You can barely see the curve of the fit

Much closer to the curve

But when I looked at this fit, I wasn’t really pleased with it. That addition ended up being about 6k (5792.21 rounded to two decimals), which meant that no player would ever have a salary lower than that. Since that isn’t the case at all, and sometimes playing golfers under that price point is a good idea, I needed to use the third and final way to figure out values.

5) Just use the averages of the salaries for all the rankings

In the end, all that work fitting a function was for nothing! This main advantage of just using the averages is that it uses actual salaries as a proxy so there’s no fitting. As we can see, the fit we used above didn’t really work too well because it doesn’t take into account the tailing off of the salaries. And when many of the value plays are around that salary level, we need to be as accurate as possible. And in the coming weeks when I have even better averages, these numbers should be better and better.

And by using this method, the initial results look good. In reality though, I need to build a testing method. One that picks a value function, optimizes lineups, and check to see which one actually gets the best results. I can do the eye test for now, but I’ll need hard numbers for real when I have a few more weeks of data. More to come.

# Weekly Fantasy Golf Results and a System of Linear Equations

I had an idea recently about how to use the “wisdom of the crowds” in forecasting performance for weekly fantasy golf. I see the benefits of crowdsourcing all the time working with prediction markets at Inkling Markets, so I figured I could leverage that to get an edge when choosing my lineups. I’ll get into the details of how I’m doing that in a later post since that’s worthy on it’s own, but I found a subproblem that I’d have to solve in order to make it work.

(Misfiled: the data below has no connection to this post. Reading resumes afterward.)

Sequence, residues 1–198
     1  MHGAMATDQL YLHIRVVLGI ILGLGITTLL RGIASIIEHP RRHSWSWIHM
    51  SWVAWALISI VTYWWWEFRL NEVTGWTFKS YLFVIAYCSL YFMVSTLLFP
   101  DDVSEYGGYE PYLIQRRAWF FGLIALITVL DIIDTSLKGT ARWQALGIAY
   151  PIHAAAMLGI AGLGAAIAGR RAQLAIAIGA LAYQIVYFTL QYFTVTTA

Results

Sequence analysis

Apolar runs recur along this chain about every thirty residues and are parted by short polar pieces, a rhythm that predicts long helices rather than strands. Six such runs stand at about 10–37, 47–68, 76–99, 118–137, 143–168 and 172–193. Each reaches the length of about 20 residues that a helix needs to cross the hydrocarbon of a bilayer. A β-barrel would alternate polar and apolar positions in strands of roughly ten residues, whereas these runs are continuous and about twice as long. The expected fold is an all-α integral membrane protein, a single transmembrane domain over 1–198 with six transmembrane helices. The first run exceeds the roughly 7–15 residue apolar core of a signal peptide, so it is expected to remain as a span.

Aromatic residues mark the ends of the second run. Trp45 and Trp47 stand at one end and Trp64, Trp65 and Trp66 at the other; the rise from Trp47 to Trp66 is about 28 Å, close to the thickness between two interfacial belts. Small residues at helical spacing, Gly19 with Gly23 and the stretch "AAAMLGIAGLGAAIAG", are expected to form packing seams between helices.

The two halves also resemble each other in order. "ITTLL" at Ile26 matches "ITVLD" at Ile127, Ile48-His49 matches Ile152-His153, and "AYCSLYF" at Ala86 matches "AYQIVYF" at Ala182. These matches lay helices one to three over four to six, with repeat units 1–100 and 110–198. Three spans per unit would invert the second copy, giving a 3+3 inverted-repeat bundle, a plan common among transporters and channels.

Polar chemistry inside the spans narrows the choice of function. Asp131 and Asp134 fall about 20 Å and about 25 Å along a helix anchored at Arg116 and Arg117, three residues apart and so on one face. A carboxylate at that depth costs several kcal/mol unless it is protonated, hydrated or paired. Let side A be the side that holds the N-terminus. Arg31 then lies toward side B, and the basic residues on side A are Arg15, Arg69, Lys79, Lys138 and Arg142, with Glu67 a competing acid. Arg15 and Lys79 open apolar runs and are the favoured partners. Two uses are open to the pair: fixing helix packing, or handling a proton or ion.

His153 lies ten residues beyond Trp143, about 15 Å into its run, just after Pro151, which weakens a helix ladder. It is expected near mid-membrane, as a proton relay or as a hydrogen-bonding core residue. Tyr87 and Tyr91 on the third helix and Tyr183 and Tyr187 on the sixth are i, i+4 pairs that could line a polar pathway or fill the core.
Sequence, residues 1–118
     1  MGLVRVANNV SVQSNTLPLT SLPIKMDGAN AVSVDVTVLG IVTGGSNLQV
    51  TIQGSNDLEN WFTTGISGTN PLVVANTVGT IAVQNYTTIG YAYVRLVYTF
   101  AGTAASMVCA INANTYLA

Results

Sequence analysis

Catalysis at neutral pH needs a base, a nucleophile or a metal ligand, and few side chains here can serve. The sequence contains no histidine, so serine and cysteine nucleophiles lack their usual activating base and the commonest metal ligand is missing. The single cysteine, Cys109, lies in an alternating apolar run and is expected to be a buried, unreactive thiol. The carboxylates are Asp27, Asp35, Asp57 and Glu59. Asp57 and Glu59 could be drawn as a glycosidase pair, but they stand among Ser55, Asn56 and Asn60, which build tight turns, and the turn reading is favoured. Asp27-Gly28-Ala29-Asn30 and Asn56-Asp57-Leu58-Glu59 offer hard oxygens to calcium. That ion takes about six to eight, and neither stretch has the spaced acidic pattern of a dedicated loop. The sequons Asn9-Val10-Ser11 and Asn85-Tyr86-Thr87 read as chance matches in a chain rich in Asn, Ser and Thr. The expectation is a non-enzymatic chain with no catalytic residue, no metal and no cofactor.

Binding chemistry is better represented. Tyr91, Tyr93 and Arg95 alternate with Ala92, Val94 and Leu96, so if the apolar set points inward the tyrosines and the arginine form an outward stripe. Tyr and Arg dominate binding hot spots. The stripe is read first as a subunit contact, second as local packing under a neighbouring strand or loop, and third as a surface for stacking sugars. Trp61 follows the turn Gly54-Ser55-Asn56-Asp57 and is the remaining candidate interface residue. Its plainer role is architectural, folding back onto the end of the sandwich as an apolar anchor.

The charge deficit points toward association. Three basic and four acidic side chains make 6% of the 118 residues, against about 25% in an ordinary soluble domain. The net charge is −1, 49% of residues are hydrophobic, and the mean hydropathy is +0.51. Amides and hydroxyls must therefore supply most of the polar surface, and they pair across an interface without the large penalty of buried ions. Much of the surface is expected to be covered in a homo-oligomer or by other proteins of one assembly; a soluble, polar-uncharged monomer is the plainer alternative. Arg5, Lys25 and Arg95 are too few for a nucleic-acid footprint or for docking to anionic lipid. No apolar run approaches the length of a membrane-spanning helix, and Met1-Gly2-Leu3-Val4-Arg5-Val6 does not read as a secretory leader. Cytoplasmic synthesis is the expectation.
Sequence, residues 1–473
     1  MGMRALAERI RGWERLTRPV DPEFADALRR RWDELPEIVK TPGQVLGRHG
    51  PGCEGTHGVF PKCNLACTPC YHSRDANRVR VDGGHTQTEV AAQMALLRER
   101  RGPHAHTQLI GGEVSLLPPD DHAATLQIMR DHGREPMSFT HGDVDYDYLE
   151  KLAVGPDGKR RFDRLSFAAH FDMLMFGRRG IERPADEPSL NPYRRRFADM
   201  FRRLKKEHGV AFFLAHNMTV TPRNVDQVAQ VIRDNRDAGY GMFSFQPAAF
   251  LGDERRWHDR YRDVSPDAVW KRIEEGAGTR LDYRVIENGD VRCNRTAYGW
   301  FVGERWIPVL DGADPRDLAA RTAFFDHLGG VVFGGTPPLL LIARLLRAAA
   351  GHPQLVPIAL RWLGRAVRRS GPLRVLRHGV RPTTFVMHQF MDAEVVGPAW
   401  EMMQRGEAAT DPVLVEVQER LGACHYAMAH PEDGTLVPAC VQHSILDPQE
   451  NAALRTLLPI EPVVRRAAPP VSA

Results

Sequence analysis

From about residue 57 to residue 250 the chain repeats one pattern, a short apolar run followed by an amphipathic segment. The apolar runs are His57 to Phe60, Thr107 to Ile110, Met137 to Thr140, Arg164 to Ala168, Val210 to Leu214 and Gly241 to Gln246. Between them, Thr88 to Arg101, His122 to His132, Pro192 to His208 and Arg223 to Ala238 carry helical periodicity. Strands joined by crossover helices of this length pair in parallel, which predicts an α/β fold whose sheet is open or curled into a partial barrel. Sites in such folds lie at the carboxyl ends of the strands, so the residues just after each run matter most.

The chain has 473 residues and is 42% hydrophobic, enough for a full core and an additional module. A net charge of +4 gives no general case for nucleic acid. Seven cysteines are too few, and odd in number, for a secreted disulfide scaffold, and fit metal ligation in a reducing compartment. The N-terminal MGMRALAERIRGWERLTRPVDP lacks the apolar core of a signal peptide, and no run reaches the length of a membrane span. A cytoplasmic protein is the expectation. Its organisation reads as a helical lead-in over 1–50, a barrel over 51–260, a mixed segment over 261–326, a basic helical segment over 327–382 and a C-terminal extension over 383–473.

While some of the sites offer player salaries in an easily digestible csv format, they’re a little stingy when it comes to results. They only keep contest results for the last 30 days, and the only downloadable results they offer are the results from contests in the past week, which just show point totals for an entire lineup, not the point totals for individual golfers. And I need those player’s points for testing my forecasting algorithm, as well as using them in making the actual forecasts. One way to figure this out is to scrape the hole by hole data from pgatour.com and apply the site’s scoring algorithm to each of those holes, but I’ve found a better, simpler, and much more elegant solution.

I can model the results csv file as a system of linear equations, and by converting the different user’s lineups into a matrix and vector those equations, numpy can solve for the point totals that each golfer earned during the tournament.

Here’s an example row from that file, with the person’s username hidden.

```"Rank","EntryId","EntryName","TimeRemaining","Points","Lineup"
263,85826104, "UNAME (1/100)", 0, 430.50, "(G) Ryan Palmer ,(G) Pat Perez ,(G) Kevin Kisner ,(G) Ben Martin ,(G) Shawn Stefani ,(G) John Peterson "```

In order to solve, we need to create two data structures. The first is a num_lineups by num_players matrix of coefficients, where the value is a 1 if the player was used in that lineup, and 0 if he wasn’t. The second is an array of total points scored by that lineup.